How to Develop Leaders by Richard Jolliff

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I grew up in a Marine Corps home. Both my father and my mother were sergeants in the Marine Corps. My idea of leadership was do what you’re told, so when I went into pastoring, that posed a challenge because that method doesn’t necessarily develop leaders. There’s a lot more to it than that, and thank God, we’ve had opportunities through the years to learn different ways to develop leaders in the church.

A lot of my understanding about developing leaders came through John Maxwell and his books. He’s sort of a leadership guru. But he teaches in one of his books about how you’re a model. People model the leadership they see.

There are two really important things we have to model to people if we want to develop leaders. The first one is that we have to model teamwork, the ability to serve together in a shared ministry environment, to create a team. It’s not just about me as the pastor. You’re not here to serve me; you’re here to gather. We are serving Christ, so we want to create an atmosphere and model to people that we believe in teamwork that we believe that everybody brings something to the table. Everybody’s gifted differently, but everybody has important talents and abilities.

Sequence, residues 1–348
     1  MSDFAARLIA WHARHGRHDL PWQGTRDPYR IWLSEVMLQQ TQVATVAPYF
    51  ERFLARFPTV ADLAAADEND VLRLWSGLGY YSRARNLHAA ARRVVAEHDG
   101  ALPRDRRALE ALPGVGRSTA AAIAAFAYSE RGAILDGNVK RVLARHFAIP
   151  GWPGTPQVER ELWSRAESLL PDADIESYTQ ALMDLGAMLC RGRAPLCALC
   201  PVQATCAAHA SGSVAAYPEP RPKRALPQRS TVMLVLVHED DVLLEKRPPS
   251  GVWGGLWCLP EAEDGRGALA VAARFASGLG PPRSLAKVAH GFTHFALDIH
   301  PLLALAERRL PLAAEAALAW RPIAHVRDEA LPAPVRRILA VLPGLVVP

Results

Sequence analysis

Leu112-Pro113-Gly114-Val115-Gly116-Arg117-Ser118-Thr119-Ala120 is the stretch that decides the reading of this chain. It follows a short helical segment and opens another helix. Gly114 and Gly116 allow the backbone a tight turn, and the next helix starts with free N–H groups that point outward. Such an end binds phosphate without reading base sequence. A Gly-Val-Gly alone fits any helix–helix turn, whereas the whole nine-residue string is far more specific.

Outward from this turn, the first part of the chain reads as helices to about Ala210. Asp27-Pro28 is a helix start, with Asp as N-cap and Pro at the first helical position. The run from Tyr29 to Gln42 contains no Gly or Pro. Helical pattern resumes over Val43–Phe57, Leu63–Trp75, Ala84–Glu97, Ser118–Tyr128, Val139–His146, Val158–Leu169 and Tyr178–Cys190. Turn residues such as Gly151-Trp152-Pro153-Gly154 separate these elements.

Then, we must model partnership. In partnership, what we’re saying to people is that their investment – whatever they’re putting into the ministry in terms of time, energy, and resources – is producing a shared benefit in the expansion of God’s kingdom. We want it to be understood that everybody can get involved somehow.  It’s not a special club; everybody has the potential to be developed into a leader.